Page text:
Thursday, February 28, 2008

Tingle to the Touch

"Tingle to the touch... of Jean Naté," the ads used to say. In the 1970s, Jean Naté Friction Pour le Bain was In. If you, too, were In, you splashed it on after a shower, you knew how to pronounce every syllable in French, you privately snickered at the girls who pronounced it Jeen Nate. For an adolescent female it was the ultimate in cheap glamour. It made me feel so French! So worldly! Slap on a navy blue beret and a little Jean Naté, and I was raring to go.

Of course, no one really paid attention to the fact that the company that produced Jean Naté was 100% American: Revlon. Sounded a bit French. Who cared?

Eventually most femme fatale-wannabes matured and moved on from the citrus-y, zingy carefree scent of Jean Naté, to find our own more sophisticated grown-up fragrance. I was peeved to discover recently that Revlon had changed the descriptor for Jean Naté. It is now "After-Bath Body Splash." B-O-R-I-N-G! What happened to the French? Friction sounds so ...suggestive, so je ne sais quoi.

At least the original friction pour le corps that Jean Naté was probably modeled on is still available in France. Le Friction de Foucaud. It's touted as an energizing tonic for men and women, with a new marketing strategy for active, sporty types. Still produced in Paris, for over 60 years, in the 14e arrondissement. I have a bottle that I bought at the pharmacie. And I certainly splash some on after every daily 3-hour cardio-abdo-pilates-yoga-powerplate work out. Every single time. I tingle to the touch.

But the search for a personal "signature" fragrance beyond Jean Naté has been a winding path. In my twenties and thirties, in my endless quest to be more French and thus more alluring, I spent years wearing Chanel No. 5. I continued for a long time, even after Candice Bergen's wildly popular Saturday Night Live parody of the classic Catherine Deneuve Chanel commercial.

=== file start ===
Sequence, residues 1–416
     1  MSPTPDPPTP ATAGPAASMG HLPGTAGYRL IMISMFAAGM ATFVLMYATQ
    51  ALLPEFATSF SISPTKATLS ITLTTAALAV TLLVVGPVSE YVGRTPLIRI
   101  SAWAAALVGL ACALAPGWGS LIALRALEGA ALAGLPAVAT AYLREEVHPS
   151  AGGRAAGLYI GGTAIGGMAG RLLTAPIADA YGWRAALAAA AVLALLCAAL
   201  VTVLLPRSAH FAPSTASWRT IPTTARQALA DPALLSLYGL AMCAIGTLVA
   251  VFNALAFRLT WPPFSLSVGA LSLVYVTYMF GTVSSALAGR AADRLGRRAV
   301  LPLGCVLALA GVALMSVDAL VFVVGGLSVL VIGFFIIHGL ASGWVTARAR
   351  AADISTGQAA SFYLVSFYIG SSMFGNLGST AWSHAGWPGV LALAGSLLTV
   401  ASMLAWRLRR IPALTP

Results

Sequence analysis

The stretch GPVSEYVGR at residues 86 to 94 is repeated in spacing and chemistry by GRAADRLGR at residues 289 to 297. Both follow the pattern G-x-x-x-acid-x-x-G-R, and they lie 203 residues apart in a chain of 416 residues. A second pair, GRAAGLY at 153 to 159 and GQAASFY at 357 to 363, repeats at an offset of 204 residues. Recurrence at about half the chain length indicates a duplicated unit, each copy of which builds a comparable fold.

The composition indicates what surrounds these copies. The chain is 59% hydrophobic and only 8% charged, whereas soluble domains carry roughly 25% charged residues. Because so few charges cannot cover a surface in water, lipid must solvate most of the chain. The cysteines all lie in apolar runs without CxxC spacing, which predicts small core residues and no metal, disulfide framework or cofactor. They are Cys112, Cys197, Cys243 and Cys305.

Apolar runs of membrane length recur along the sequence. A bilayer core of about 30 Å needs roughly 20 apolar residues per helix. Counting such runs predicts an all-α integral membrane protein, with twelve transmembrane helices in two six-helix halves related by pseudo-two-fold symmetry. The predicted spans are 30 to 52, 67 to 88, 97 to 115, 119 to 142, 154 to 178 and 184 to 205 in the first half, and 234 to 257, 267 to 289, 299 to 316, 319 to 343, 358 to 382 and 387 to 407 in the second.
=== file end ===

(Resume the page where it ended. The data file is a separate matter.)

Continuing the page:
Eventually I moved beyond the cliché that Chanel No. 5 had become, though I still revere its iconic place in French lore. About a decade ago, on advice from a French friend in the states, I spent a year trying a new eau de toilette each day or whatever fragrance du jour the department store cosmetics ladies were spritzing on unsuspecting passersby. I had to find the subtle one that suited me just so.

I'm no fragrance expert -- offhand, I still couldn't tell you the difference between eau de toilette and eau de cologne, for example. But I know that you have to wear what suits your body chemistry. First off, any perfume that precedes you when you enter a room: big no-no. Or one that makes you smell like your grandmother's hope chest. You have to see how it lingers on you, and never buy it at first scratch-n-sniff. Go for the alchemy, the magic, the mystery. Not the marketing. Finally, after revisiting my top five favorite eau de whatever, I settled happily on 24 Faubourg by Hermès, named for the address of the flagship store in Paris.

My little shopping secret: one of the side benefits to wearing 24 Faubourg is that it's about the least expensive item in the Hermès shop. I get treated just as royally as the next customer, even though I'm not waiting in line for a Birkin or a Kelly bag, or even a silk scarf. I exit the boutique toting my own little orange Hermès shopping bag.

The brief annual shopping-bag moment alone is worth it. Makes me feel tingly, that feminine frankly-I'm-worth-it feeling. A definite improvement over the old days, swinging a plastic CVS bag containing pseudo-French after-bath body splash.

Sometimes it's nice to be a grown-up, isn't it?

11 comments:

Priscilla said...

I remember my mother using Jean Naté in the summer. It smelled good on her, but not on me.